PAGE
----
I learned a lot during the two-day Utah Advising Association Conference.
I learned that “good” students struggle too.
I learned that students frequently turn down help, even when they’re academically drowning.
I learned that students are more likely to trust someone who is smiling (it has to be a real smile though — a “Duchenne” smile).
I also learned that academic advisors are faced with some pretty tough questions.
For a moment, let’s imagine that we are advisors. Picture it: we’re maybe 2/3 into the first semester when a first-year student is brought to our attention. This student’s professors say he or she is far below the cognitive skill levels of the other first-year students, and this student is just academically drowning.
Here it comes: what if we don’t think the student is a good fit for this (hypothetical) school?
What if we look at all the evidence and worry that the fit is wrong enough that the student can’t succeed here? Are we even allowed to think that? Is it blasphemy to share this concern aloud?
Another tough question: how did this student get accepted into this school? Are we allowed to ask? Does it even matter? What if it was a mistake? Some argue that it ultimately doesn’t matter if it was a mistake because the advisor’s job isn’t to question admissions, but to support the student.
Okay, so let’s go with that argument for a moment and agree that it’s not our job to check into admissions. (But should someone check? If so, who? Would the knowledge benefit anyone? To learn it was a mistake and act to fix it would be a PR nightmare for the school. Better to just leave that stone unturned. Right?) Let’s say the number one priority is to support the student, and this student wants to stay at this school. Then, I suppose, the remaining questions only surround what steps to take with remediation and coping. There are several viable options, and some experimentation with different combinations will surely be necessary. It will be tough, but we can probably help get this student through.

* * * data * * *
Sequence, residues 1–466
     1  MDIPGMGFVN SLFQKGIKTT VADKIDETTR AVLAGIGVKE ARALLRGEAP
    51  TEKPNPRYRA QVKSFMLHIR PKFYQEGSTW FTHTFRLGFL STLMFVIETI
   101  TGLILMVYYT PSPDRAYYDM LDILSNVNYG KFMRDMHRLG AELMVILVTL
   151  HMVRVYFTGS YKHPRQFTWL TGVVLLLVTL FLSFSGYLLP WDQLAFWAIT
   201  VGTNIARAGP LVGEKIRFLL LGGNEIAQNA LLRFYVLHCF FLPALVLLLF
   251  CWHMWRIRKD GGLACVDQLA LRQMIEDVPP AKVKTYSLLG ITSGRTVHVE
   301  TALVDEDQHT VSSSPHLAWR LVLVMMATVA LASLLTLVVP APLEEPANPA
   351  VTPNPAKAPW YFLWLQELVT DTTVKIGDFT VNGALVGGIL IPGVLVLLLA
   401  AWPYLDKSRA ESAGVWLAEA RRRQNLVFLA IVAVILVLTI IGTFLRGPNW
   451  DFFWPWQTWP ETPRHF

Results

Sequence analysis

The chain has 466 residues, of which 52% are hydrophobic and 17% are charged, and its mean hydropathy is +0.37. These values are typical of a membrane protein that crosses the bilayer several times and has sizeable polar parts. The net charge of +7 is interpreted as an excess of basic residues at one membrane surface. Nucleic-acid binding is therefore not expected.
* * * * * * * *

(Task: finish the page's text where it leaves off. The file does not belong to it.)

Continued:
But hang on… what is owed to a student? What can students reasonably expect? Is success a right? Well, that’s an easy no. But access to the tools necessary for success? I’d argue that’s an easy yes. But between those two things it gets murkier. For instance, do students have a right to professors who believe in them? Must an institution guarantee that each student will thrive? Maybe a chance to thrive?
I just got more stressed as I progressed through this thought experiment. I worried that the student would sense my doubt. I worried that the student might not reach the cognitive skill levels of his or her peers. I worried that the student might be missing out on the confidence of a big-fish-in-a-little-pond experience at another school, and wondered if that might set the student on an entirely different life course.
Best practices and policies aside, most academic advisors wrestle with difficult questions all the time. The advisors I met at UAA took none of these hypothetical questions lightly; they care deeply for their students and I was touched by the fierceness of their commitment.
While I learned a lot, maybe the most important thing was a healthier appreciation for academic advisors and the work they do.
I went home after the conference and emailed my old academic advisor just because I wanted to say “thank you.”
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